Depending on context, a pony may be a horse that is under an approximate or exact height at the withers or a small horse with a specific conformation and temperament. The word pony derives from the old French poulenet, meaning foal, a young, immature horse, but this is not the meaning, unlike a horse foal. However, on occasion, people who are unfamiliar with horses may confuse an adult pony with a foal, the ancestors of most modern ponies developed small stature because they lived on the margins of livable horse habitat. These smaller animals were domesticated and bred for various purposes all over the Northern Hemisphere, ponies were historically used for driving and freight transport, as childrens mounts, for recreational riding, and later as competitors and performers in their own right. During the Industrial Revolution, particularly in Great Britain, a significant number were used as pit ponies, ponies are generally considered intelligent and friendly, although sometimes they also are described as stubborn or cunning. Properly trained ponies are appropriate mounts for children who are learning to ride, larger ponies can be ridden by adults, as ponies are usually strong for their size. In modern use, many organizations define a pony as a horse that measures less than 14.2 hands at the withers. Different organizations that use a strict measurement model vary from 14 hands to nearly 14.3 hands, many breeds classify an animal as either horse or pony based on pedigree and phenotype, no matter its height. Some full-sized horses may be called ponies for various reasons of tradition or as a term of endearment, for many forms of competition, the official definition of a pony is a horse that measures less than 14.2 hands at the withers. However, the pony can be used in general for any small horse. Furthermore, some breeds may have individuals who mature under that height but are still called horses and are allowed to compete as horses. In Australia, horses that measure from 14 hands to 15 hands are known as a galloway, people who are unfamiliar with horses may confuse an adult pony with a young, immature horse. While foals that will grow up to be horse-sized may be no taller than some ponies in their first months of life, a pony can be ridden and put to work, while a foal is too young to be ridden or used as a working animal. Foals, whether they grow up to be horse or pony-sized, can be distinguished from adult horses by their long legs. Their heads and eyes also exhibit juvenile characteristics, furthermore, in most cases, nursing foals will be in very close proximity to a mare who is the mother of the foal. While ponies exhibit some neoteny with the wide foreheads and small size, ponies originally developed as a landrace adapted to a harsh natural environment, and were considered part of the draft subtype typical of Northern Europe. At one time, it was hypothesized that they may have descended from a wild subspecies of Equus ferus. The usefulness of the pony was noted by farmers who observed that a pony could outperform a draft horse on small farms, by the 20th century, many pony breeds had Arabian and other blood added to make a more refined pony suitable for riding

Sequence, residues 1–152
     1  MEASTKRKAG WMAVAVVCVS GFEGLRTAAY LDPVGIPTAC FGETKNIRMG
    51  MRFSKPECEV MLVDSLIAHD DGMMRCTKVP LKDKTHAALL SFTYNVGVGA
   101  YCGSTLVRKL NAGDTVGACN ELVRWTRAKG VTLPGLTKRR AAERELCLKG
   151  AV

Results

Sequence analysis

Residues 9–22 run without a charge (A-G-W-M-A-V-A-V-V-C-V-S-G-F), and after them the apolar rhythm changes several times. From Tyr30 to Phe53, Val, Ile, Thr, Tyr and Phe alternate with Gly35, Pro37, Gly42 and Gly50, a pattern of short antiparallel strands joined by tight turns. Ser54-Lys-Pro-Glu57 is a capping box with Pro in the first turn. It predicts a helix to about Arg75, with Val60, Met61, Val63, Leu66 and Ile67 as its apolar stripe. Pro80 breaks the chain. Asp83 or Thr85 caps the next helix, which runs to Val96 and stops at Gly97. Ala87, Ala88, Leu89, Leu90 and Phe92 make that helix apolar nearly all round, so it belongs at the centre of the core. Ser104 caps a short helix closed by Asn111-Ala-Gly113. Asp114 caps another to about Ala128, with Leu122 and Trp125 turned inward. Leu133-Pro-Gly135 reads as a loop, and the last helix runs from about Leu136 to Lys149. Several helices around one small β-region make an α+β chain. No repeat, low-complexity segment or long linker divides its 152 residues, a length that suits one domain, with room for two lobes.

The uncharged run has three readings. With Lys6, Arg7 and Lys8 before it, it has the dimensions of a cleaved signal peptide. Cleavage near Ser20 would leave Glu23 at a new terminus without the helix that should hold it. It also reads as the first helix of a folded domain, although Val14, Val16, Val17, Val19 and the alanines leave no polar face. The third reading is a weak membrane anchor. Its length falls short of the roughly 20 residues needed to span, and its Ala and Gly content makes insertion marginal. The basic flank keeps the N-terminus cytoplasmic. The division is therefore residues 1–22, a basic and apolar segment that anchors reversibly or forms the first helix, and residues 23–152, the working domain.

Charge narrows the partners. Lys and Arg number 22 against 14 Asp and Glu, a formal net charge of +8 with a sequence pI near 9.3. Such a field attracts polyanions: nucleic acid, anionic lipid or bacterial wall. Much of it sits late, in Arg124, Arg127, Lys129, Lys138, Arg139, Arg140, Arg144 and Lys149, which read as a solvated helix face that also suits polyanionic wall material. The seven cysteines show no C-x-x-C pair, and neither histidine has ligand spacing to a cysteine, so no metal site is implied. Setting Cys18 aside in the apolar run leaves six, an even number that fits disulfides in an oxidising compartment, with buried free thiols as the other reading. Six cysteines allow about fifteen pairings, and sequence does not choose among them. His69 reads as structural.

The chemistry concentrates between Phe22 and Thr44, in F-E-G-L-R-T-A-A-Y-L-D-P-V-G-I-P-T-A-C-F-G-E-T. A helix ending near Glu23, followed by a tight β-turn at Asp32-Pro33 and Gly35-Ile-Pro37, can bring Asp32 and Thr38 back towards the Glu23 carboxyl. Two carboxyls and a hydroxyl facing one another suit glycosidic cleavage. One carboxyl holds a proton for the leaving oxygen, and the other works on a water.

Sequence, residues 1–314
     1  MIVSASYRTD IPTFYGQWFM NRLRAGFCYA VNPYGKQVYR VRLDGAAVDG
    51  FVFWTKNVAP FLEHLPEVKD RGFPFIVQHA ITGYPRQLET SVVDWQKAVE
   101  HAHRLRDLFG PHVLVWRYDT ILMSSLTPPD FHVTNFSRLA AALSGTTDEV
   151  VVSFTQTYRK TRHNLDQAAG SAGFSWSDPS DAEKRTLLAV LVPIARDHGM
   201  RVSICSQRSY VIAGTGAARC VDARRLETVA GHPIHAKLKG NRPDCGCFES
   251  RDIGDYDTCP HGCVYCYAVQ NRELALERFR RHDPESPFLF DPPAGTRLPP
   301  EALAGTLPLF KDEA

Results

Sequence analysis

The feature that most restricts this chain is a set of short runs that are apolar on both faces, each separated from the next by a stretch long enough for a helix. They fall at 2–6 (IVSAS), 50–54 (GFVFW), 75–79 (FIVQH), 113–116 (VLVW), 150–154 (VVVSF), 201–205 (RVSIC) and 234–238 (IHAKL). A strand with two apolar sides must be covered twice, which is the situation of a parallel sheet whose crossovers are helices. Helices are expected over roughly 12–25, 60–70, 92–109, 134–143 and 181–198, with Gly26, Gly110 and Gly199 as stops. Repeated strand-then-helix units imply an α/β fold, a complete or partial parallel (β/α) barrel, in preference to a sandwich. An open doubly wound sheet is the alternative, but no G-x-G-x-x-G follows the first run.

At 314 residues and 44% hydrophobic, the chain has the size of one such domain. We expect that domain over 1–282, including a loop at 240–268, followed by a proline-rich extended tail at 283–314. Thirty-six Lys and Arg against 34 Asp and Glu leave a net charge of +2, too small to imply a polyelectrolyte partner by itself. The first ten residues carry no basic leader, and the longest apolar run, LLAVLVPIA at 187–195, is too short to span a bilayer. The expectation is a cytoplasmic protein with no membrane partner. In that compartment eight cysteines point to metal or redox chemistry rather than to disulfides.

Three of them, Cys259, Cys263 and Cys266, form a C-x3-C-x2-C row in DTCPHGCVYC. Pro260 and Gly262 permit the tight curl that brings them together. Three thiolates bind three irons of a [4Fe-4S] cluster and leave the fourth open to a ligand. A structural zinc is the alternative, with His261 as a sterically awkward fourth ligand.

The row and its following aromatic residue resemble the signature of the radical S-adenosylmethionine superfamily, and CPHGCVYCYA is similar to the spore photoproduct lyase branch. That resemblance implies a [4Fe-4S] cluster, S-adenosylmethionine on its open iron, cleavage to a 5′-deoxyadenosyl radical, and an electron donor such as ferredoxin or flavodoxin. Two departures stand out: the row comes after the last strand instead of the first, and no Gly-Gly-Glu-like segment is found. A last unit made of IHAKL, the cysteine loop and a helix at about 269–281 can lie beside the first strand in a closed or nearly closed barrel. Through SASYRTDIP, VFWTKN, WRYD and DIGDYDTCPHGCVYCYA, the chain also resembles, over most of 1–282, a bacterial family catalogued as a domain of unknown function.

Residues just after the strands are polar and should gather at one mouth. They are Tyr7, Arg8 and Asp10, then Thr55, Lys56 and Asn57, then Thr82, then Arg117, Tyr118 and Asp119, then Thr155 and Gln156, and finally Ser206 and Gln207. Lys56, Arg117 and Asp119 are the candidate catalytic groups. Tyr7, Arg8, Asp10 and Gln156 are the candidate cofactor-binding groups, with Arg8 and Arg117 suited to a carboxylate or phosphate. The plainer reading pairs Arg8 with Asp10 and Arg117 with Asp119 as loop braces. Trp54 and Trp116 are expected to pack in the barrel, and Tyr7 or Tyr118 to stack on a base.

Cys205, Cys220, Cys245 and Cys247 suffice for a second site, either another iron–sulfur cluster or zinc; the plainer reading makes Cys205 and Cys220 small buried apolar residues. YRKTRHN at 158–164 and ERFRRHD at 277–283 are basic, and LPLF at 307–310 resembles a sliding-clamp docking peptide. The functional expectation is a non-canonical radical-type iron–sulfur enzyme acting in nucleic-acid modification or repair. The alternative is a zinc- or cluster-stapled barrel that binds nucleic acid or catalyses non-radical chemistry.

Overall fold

A Highland Pony, demonstrating the pony characteristics of sturdy bone, thick mane and tail, small head, and small overall size.
A pony foal. Pony foals are smaller than horse foals, but both have long legs and small bodies.